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School can’t hide special-needs settlement details behind student privacy law, court rules

One of school administrators’ favorite tools for keeping information from the public, the Family Educational Rights and Privacy Act, doesn’t apply to legal settlements, the Massachusetts Supreme Court ruled last week.

The Student Press Law Center reports that the court said the Weston School District simply needed to “redact the personally identifying details of students involved in the settlement documents” but must otherwise release the settlement details to the public.

The case involved school district settlements with the parents of special-needs children. The district argued those details in total constituted “private education records” protected by FERPA. Nope, the court ruled:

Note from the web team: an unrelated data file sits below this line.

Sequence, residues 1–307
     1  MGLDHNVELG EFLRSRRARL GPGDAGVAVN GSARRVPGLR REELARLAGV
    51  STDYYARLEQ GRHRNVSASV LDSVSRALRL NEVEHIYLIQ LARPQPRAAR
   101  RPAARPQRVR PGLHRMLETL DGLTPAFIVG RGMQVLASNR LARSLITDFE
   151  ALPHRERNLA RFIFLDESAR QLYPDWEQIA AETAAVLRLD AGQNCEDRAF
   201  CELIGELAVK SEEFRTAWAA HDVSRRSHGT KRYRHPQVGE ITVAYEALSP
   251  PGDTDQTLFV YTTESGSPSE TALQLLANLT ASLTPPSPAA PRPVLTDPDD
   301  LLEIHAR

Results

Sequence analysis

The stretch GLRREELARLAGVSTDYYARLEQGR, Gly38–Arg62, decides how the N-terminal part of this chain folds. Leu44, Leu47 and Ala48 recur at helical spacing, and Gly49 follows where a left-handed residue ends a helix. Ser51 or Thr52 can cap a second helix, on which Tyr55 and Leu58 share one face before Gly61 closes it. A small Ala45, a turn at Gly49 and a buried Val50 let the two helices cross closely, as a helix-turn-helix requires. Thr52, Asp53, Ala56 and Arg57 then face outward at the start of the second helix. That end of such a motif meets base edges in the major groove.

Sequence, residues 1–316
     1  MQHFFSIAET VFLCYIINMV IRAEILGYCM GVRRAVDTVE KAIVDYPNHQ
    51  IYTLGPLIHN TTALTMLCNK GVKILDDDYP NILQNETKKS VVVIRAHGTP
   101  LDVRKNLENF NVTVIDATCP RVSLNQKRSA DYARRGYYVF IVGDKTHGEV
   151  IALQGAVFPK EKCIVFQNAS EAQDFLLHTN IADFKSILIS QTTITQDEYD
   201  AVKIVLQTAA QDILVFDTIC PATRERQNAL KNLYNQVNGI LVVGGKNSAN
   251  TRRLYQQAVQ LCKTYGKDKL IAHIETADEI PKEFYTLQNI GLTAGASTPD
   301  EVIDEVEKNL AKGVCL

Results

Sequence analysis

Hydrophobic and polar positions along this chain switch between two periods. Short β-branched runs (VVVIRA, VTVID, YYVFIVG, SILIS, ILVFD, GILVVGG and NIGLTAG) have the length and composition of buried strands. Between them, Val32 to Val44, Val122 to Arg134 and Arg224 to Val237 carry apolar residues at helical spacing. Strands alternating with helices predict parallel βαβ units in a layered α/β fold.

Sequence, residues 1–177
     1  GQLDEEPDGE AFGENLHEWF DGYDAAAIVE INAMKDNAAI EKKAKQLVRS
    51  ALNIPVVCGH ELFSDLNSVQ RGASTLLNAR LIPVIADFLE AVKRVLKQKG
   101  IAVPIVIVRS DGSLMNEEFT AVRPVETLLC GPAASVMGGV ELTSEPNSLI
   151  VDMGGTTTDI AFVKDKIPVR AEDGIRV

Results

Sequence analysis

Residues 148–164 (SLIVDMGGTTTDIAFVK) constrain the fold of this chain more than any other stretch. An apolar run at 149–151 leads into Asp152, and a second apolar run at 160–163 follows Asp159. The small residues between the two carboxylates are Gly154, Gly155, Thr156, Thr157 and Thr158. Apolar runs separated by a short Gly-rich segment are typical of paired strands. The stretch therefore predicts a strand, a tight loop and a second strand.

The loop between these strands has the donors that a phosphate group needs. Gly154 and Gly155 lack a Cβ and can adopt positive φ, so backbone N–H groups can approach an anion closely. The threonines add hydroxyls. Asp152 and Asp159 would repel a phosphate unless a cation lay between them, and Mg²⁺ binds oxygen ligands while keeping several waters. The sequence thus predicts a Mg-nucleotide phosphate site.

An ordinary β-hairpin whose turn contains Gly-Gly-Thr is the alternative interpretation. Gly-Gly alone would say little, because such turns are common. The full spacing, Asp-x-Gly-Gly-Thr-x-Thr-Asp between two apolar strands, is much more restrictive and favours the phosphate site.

“Notably, once personally identifiable information is redacted, the financial terms of such agreements, which necessarily reflect the use of public monies, partially or fully, to pay for out-of-district placements, do not constitute an unwarranted invasion of personal privacy;Supreme Judicial Court Justice Margot] Botsford wrote.

Sometimes it’s not administrators that are trying to keep pertinent information private, however.

RELATED: Reminder to ‘survivors’: Universities are allowed to defend themselves in court

After the University of Oregon obtained a student’s therapy records to defend itself against the mental-harm claims in her Title IX lawsuit, the Legislature approved (and the governor signed) a bill to shield such records so they can’t be obtained by a university in its own defense.

The U.S. Department of Education is also “likely” to impose rules (in the form of “guidance”) that would remove the “loophole” in FERPA that allowed the University of Oregon to legally obtain the student’s therapy records.

Read the post, and to submit questionable FERPA uses to the SPLC, visit its FERPA Fact page.

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About the Author
Associate Editor
Greg Piper served as associate editor of The College Fix from 2014 to 2021.